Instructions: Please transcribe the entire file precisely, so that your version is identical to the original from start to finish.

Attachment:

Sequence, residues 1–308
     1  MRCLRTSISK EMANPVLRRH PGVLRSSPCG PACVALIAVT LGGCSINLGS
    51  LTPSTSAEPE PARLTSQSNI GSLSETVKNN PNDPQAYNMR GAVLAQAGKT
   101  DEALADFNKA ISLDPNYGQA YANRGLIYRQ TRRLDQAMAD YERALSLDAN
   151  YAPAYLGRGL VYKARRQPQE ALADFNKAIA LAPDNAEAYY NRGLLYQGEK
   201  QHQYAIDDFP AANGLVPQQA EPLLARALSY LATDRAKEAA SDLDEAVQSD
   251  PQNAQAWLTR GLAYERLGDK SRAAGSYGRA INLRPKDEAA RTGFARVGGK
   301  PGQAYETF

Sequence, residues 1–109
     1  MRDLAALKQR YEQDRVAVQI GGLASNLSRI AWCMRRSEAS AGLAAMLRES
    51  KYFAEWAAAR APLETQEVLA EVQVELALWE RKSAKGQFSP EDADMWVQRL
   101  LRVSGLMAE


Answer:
Sequence, residues 1–308
     1  MRCLRTSISK EMANPVLRRH PGVLRSSPCG PACVALIAVT LGGCSINLGS
    51  LTPSTSAEPE PARLTSQSNI GSLSETVKNN PNDPQAYNMR GAVLAQAGKT
   101  DEALADFNKA ISLDPNYGQA YANRGLIYRQ TRRLDQAMAD YERALSLDAN
   151  YAPAYLGRGL VYKARRQPQE ALADFNKAIA LAPDNAEAYY NRGLLYQGEK
   201  QHQYAIDDFP AANGLVPQQA EPLLARALSY LATDRAKEAA SDLDEAVQSD
   251  PQNAQAWLTR GLAYERLGDK SRAAGSYGRA INLRPKDEAA RTGFARVGGK
   301  PGQAYETF

Sequence, residues 1–109
     1  MRDLAALKQR YEQDRVAVQI GGLASNLSRI AWCMRRSEAS AGLAAMLRES
    51  KYFAEWAAAR APLETQEVLA EVQVELALWE RKSAKGQFSP EDADMWVQRL
   101  LRVSGLMAE